February 20, 2019 | Jim Malewitz| Michigan Environment Watch| Bridge Magazine
Here’s how your ideas could help save Lake Superior’s Buffalo Reef
Bob Regis, a Northern Michigan University geologist who owns a summer home in Lake Linden along Lake Superior’s Grand Traverse Bay, can no longer see the home from the water. That’s because more than 100 yards of mining waste have piled up on the shore, covering up native white sands. (Bridge photo by Jim Malewitz)
Millions of tons of copper mining waste are threatening to smother one of Lake Superior’s most productive fish spawning grounds.
How can officials thwart it?
A panel of federal, state and tribal officials wants your input.
The Buffalo Reef Task Force this month published a draft analysis of 13 options for confronting waste that covers a five-mile stretch of coastline along Lake Superior’s Keweenaw Bay and is inching toward Buffalo Reef, a vital spawning ground for lake trout and whitefish.
A slow-moving ‘disaster is threatening Lake Superior and a way of life
Mining waste and growing wetlands mean more mercury in fish in Upper Peninsula
Slideshow: In Michigan’s Upper Peninsula, mining waste threatens Buffalo Reef
The 50-page report considers a range of options, including walling off the waste along the shoreline, pumping it into Lake Superior’s deepest reaches, dumping it in wetlands or piling it in a new special landfill or at a historic copper mine.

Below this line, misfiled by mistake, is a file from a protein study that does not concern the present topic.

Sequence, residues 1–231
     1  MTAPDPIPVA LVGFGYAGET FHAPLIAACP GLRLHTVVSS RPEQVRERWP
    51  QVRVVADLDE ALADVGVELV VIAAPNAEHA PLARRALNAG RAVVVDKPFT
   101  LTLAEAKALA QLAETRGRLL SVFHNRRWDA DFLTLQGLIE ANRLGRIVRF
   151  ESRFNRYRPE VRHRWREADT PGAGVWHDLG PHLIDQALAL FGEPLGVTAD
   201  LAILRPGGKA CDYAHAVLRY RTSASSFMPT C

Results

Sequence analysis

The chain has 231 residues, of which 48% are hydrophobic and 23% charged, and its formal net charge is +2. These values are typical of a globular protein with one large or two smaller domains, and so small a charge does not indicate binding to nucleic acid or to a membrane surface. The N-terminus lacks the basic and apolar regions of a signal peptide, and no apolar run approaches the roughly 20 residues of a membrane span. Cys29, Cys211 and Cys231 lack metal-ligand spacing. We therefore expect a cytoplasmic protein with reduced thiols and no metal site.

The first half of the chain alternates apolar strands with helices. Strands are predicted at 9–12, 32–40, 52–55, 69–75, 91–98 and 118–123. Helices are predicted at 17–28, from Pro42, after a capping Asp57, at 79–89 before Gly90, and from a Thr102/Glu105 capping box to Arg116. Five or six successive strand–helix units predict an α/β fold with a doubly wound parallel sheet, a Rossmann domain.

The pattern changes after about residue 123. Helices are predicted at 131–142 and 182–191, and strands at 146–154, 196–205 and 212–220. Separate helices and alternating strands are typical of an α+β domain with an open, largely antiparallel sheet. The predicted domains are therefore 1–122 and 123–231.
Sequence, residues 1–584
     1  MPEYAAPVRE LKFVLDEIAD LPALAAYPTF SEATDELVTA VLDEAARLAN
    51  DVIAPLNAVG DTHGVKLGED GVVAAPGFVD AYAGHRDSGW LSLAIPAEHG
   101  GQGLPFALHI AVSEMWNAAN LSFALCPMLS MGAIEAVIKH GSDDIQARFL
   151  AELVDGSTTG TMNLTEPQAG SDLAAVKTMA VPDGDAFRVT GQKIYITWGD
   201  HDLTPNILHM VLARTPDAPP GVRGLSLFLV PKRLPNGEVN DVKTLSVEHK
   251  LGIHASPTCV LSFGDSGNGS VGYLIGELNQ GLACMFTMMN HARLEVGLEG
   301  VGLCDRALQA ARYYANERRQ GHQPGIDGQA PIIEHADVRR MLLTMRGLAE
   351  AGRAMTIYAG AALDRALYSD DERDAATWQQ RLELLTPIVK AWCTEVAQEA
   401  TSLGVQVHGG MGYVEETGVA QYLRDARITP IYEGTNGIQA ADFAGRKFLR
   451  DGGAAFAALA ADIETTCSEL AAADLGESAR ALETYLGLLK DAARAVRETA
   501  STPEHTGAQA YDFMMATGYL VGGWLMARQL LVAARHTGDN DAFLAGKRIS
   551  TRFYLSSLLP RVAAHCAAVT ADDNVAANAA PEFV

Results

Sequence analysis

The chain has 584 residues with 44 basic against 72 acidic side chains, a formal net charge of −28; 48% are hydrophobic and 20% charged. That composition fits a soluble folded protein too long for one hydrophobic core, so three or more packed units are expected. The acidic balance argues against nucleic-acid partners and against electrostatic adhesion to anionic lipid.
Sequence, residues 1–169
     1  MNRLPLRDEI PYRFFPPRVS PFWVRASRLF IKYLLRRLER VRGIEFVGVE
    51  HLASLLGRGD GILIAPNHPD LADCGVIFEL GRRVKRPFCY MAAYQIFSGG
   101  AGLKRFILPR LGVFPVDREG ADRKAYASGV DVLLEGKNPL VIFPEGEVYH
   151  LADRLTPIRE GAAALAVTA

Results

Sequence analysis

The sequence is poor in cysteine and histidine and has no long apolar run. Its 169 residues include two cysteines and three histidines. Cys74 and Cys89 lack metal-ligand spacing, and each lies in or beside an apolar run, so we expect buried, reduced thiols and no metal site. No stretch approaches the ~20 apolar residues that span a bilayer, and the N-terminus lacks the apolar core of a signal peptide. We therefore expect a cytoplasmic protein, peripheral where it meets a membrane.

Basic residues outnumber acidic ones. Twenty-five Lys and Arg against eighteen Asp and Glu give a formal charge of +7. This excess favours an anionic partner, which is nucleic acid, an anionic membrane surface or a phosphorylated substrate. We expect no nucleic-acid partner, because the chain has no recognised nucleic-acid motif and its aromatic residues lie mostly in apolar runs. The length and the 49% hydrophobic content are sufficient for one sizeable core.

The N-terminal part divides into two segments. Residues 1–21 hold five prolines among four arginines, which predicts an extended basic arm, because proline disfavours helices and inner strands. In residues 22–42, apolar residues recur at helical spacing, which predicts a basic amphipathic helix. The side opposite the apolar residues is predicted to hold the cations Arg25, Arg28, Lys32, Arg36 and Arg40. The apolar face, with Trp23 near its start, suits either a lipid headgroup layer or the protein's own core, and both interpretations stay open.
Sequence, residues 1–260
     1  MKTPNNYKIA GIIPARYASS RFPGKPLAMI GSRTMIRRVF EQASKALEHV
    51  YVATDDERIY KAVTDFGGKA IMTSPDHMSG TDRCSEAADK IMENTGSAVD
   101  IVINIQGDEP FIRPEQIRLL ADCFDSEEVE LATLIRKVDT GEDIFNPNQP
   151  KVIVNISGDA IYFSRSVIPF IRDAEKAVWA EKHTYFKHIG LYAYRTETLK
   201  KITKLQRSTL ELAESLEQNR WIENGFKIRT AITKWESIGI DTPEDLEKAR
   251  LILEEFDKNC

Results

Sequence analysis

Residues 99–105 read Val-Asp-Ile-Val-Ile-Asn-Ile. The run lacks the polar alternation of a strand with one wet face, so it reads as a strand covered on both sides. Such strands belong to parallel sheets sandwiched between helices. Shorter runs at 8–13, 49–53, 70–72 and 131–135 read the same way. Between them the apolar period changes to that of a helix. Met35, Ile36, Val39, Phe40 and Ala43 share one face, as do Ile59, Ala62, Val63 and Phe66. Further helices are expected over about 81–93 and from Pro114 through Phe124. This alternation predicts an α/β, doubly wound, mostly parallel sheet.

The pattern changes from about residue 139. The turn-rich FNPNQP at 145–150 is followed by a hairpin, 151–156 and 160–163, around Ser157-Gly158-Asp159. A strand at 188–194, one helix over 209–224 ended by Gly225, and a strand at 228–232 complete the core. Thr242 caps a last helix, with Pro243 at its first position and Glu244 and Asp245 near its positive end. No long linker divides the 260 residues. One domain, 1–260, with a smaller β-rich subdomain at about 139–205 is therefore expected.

The task force, which includes representatives of the Keweenaw Bay Indian Community, U.S. Army Corps of Engineers and the Michigan Department of Environmental Quality, will accept public comments through March 8. It’s asking for input on the proposals outlined in the report or any additional strategies it should consider. The panel will eventually select two to four ideas for more study — including their price tag.
Bob Regis, a Northern Michigan University geology professor who owns a bungalow along the shore that’s being overwhelmed by stamp sands, said he’s happy to see concrete action after years of fits and starts.
“This has been going on a long time,” he said. “To start seeing more and more activity and concern and alternatives actually being addressed … I see that as very encouraging.”
The report is the latest step in a government effort to address a slow-moving environmental crisis that dates back to 1932.